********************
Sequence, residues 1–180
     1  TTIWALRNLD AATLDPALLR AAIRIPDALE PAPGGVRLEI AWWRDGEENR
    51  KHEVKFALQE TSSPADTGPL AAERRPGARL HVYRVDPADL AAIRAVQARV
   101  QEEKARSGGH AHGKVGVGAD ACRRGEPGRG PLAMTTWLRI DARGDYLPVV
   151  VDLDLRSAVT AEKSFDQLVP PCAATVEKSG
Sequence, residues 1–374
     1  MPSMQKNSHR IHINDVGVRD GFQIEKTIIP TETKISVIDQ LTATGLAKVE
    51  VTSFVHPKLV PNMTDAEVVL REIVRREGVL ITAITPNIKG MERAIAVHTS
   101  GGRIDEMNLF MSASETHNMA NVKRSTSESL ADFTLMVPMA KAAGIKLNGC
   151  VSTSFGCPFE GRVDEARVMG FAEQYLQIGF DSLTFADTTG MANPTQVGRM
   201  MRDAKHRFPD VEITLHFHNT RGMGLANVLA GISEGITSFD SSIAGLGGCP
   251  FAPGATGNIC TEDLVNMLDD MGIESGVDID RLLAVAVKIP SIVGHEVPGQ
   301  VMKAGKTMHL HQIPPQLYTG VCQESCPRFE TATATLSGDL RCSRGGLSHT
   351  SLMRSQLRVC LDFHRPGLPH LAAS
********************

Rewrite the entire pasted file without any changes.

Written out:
Sequence, residues 1–180
     1  TTIWALRNLD AATLDPALLR AAIRIPDALE PAPGGVRLEI AWWRDGEENR
    51  KHEVKFALQE TSSPADTGPL AAERRPGARL HVYRVDPADL AAIRAVQARV
   101  QEEKARSGGH AHGKVGVGAD ACRRGEPGRG PLAMTTWLRI DARGDYLPVV
   151  VDLDLRSAVT AEKSFDQLVP PCAATVEKSG
Sequence, residues 1–374
     1  MPSMQKNSHR IHINDVGVRD GFQIEKTIIP TETKISVIDQ LTATGLAKVE
    51  VTSFVHPKLV PNMTDAEVVL REIVRREGVL ITAITPNIKG MERAIAVHTS
   101  GGRIDEMNLF MSASETHNMA NVKRSTSESL ADFTLMVPMA KAAGIKLNGC
   151  VSTSFGCPFE GRVDEARVMG FAEQYLQIGF DSLTFADTTG MANPTQVGRM
   201  MRDAKHRFPD VEITLHFHNT RGMGLANVLA GISEGITSFD SSIAGLGGCP
   251  FAPGATGNIC TEDLVNMLDD MGIESGVDID RLLAVAVKIP SIVGHEVPGQ
   301  VMKAGKTMHL HQIPPQLYTG VCQESCPRFE TATATLSGDL RCSRGGLSHT
   351  SLMRSQLRVC LDFHRPGLPH LAAS